The third assumption is that many evolutionary scientists assume that homosexuality is very unstable from an historic perspective. Modern western homosexuals supposedly do not substantially differ from homosexuals in other cultures. This assumption is incorrect according to the authors, also because a lot of research has been done into homosexuality in test subjects (often students) that have the following characteristics: Western, highly educated, industrialized, rich, and democratic. But only twelve percent of the world population has these characteristics. “It is premature and misleading to presume that ‘our’ homosexuals are representative of all forms of sexuality for all eras and cultures.”
Stable factors in human behavior are homosexual behavior and homosexual desires. Some historians are also of the opinion that certain individuals have a preference for sex with members of the same sex. But the homosexual identity as we know it now clearly is a western phenomenon, something the French philosopher Michel Foucault researched in the last century with ground-breaking results. Foucault proposed that from the eighteenth and nineteenth century onwards, it was not only possible to act homosexual, but also to be an homosexual. Especially the medical world played an important part in this. With the rise of homosexuality its counterpart heterosexuality arose. Both phenomena are therefore relatively modern and Western in nature.
It is incorrect to draw an uninterrupted line from the ancient Greeks to modern times when it comes to homosexuality. On the whole, modern homosexuals for instance have sexual encounters with individuals with the same sex, sharing age and social status. This was not common in non-Western and pre-modern societies. In our days, it is unwanted that men have relationships with boys and young men, and that those boys and young men later in life do the same with other young boys and young men, and are married to a woman and have children at the same time. Such relationships occurred in certain parts of the ancient Greek world, in the samurai culture in Japan in the middle ages and the early modern period, and with the medieval Mamluks in the Islamic world and in Italy during the renaissance. Can you call them forms of homosexuality as we do now?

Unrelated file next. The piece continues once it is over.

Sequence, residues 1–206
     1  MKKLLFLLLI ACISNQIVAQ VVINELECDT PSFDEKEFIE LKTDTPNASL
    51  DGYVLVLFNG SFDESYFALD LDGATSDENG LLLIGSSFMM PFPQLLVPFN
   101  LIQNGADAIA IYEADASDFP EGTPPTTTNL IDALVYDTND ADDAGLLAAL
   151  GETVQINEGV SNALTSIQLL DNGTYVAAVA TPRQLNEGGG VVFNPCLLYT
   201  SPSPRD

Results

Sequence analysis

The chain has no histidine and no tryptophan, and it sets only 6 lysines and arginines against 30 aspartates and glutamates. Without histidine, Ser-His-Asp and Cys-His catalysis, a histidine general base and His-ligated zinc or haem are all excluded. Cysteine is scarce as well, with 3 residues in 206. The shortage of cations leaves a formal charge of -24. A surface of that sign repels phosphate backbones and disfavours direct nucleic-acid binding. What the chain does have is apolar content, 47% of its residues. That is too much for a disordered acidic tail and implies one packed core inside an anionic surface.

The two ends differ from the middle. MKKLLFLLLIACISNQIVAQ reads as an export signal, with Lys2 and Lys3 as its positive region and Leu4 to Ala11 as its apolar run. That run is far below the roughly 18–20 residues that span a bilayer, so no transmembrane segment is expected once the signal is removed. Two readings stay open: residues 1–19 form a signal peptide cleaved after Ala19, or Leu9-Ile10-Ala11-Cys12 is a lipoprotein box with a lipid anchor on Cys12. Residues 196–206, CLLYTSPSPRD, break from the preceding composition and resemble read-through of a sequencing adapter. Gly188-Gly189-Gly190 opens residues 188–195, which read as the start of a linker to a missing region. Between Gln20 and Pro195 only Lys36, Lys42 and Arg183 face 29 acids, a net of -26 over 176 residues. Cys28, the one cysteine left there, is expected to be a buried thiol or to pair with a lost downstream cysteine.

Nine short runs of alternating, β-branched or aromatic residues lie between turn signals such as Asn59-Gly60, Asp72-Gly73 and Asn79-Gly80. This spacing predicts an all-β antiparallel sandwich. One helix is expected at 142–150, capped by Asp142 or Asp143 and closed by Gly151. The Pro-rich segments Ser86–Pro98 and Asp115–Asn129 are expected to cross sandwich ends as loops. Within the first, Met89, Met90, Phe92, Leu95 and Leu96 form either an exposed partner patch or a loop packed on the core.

Another point in which modern western homosexuality differs from other forms of homosexuality are the many characteristics that are characterized as feminine in our culture. This “femininity” is in sharp contrast with earlier and non-Western forms of “homosexuality.” The anthropologist Gilbert Herdt described, for instance, how in a New-Guinea tribe, adolescents would swallow the sperm of older group members to obtain masculinity. You have to wonder if you can call this homosexuality in the way we use the term.
The authors also question the sources they use, especially the historic ones. How representative are they? Is the role of the medical world, which largely shaped the homosexual identity, overrated? Is it not true that femininity in “homosexuals” also occurred in the Greek world, with the so-called Kinaidos, who were despised and kept quiet about? Incidentally, the Kinaidos show that they were considered an identity, making the concept of the modern homosexual identity not a unique one, according to the authors. During the Middle-Ages “these kinds of men” were also present. So: Yes, the modern homosexual is indeed a relatively new phenomenon, and No, the link between homosexuality and identity is not unique in history.
Homosexuality in Society
In their attempt to bring together the essentialist and constructionist views and show that homosexuality from an evolutionary perspective is a paradox, the authors fall back on two theories. The alliance formation hypothesis presumes that homosexual contacts enforce and maintain the strategic alliances between non-relations. These alliances were assumed to occur in both animals and humans. Think of the Thebans in ancient Greece and the similar homosexual comradeship in wartime among the Japanese samurai. The other theory mentioned by the authors is the “Dual Inheritance Theory” (DIT) which explains that diversity in human behavior is the result of both genetic and cultural information.
The social environment has an important influence on the development of our sexual preferences. Striking is that populations with a good economy show a remarkable fertility decline, but gender roles and family ties also change because of this. It is also striking that countries with lower economic development show an attitude towards homosexuality that is diverse: from strong rejection to connivance.